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Developing a Circle of Trust

In previous posts, I have approached the concept of race relations from a theoretical point of view. However, in this post, I want to give you some practical ideas to help make the task ahead seem less daunting. When we work with congregations who ask us for the magic ingredient for reaching their community, we have just one word for them. If you want to know the secret to being relevant in your community, come closer and I will tell you. A little closer. The secret is RELATIONSHIPS!

John Maxwell once said about leadership, “Everything rises and falls on leadership.” Any hope we have of overcoming racial tension, any hope of seeing beyond color, is based on our ability to build authentic relationships. On to the task at hand: how do you develop a circle of trust? I believe there are five key elements.

A Sea of Broken Dreams

“I will rejoice in Jerusalem and be glad in My people; no more shall be heard in it the sound of weeping and the cry of distress.” Isaiah 65:19

As I look at the landscape in our country today, especially when it comes to race in America, what I see is a sea of broken dreams. For those people who look at their life with regret and pain, this post is for you. Usually, I leave the good part for the clincher, but I want you to hear this upfront: God can restore your broken past, and He helps you overcome your broken dreams.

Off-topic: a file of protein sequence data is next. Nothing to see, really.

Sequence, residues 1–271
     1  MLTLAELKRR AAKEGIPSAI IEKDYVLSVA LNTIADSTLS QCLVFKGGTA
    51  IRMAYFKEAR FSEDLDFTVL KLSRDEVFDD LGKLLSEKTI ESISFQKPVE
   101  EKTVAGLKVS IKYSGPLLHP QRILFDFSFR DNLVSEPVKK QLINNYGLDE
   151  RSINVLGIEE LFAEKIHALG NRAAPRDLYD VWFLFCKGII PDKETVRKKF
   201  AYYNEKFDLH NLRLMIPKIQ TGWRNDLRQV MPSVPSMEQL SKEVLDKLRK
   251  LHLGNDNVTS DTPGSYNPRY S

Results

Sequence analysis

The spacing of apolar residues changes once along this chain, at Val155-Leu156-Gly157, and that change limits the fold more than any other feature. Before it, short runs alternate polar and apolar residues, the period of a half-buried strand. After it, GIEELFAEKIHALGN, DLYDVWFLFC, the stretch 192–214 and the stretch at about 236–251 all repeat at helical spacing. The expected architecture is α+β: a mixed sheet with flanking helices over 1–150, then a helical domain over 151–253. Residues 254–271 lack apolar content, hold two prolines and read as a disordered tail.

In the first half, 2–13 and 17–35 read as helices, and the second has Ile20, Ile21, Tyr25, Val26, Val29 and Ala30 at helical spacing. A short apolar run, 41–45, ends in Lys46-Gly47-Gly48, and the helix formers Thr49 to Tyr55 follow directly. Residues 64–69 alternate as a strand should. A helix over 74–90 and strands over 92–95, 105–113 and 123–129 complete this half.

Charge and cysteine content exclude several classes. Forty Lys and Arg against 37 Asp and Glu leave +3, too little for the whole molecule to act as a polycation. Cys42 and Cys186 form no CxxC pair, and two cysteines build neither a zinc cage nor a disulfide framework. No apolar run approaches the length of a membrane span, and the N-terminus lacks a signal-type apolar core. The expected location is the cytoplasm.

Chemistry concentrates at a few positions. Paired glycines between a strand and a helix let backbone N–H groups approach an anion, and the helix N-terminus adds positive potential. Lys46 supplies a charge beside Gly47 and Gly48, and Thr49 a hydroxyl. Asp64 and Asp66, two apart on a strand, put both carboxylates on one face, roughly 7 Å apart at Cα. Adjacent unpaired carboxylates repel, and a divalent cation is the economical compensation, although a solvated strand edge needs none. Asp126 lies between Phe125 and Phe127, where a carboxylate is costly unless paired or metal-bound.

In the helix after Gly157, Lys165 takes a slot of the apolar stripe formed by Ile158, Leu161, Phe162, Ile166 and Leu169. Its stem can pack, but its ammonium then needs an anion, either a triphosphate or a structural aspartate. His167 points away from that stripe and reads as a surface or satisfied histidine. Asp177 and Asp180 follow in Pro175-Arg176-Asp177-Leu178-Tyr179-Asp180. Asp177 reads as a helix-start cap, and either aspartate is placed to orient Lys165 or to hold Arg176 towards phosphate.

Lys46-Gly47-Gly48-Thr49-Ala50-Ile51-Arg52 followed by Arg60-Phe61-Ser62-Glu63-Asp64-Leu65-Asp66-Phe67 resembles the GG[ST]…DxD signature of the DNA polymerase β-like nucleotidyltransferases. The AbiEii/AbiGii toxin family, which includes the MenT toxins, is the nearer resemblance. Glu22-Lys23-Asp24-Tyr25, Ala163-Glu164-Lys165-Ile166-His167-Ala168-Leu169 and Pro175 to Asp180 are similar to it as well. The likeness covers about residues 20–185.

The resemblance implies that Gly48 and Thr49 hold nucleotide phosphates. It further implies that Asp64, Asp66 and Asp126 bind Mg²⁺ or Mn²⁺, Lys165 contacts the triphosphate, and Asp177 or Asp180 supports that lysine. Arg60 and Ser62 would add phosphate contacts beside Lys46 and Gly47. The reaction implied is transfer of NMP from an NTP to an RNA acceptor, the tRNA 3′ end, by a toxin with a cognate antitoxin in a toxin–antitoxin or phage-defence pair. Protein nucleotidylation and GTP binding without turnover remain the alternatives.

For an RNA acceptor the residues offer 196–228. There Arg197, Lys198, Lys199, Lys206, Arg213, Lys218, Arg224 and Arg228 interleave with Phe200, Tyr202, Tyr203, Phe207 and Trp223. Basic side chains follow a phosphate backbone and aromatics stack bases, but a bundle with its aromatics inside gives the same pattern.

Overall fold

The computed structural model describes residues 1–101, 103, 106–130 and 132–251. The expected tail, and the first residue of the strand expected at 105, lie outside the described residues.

The Real Enemy Feeding Racism in America

Tonto and the Lone Ranger were riding through a canyon together when all of a sudden both sides were filled with Indian warriors on horses, dressed for battle. The Lone Ranger turned to Tonto and asked, “What are we going to do?” Tonto replied, “What do you mean ‘we,’ white man?” (In Search of Unity, Edward Dobson, pp. 20–27)

A funny illustration, but there is some scary truth contained here. The attitude of “I am with you until trouble comes” is destructive for race relations. What is causing the division?

Racial Healing Begins with Recognizing Our Neighbor

I ran across a fantastic quote by Dr. Martin Luther King Jr.:

“The first question which the priest and the Levite asked was: ‘If I stop to help this man, what will happen to me?’ But…the good Samaritan reversed the question: ‘If I do not stop to help this man, what will happen to him?”

The Nation's Cry for Peace and Justice

This article appeared on The Light Breaks Through and has been published here with permission.

As you try to process all that is going on in our country, here are some thoughts. Do not let your opinion about the riots exploding around the country taint your opinion of what happened to George Floyd. Notice I called them riots and not protests.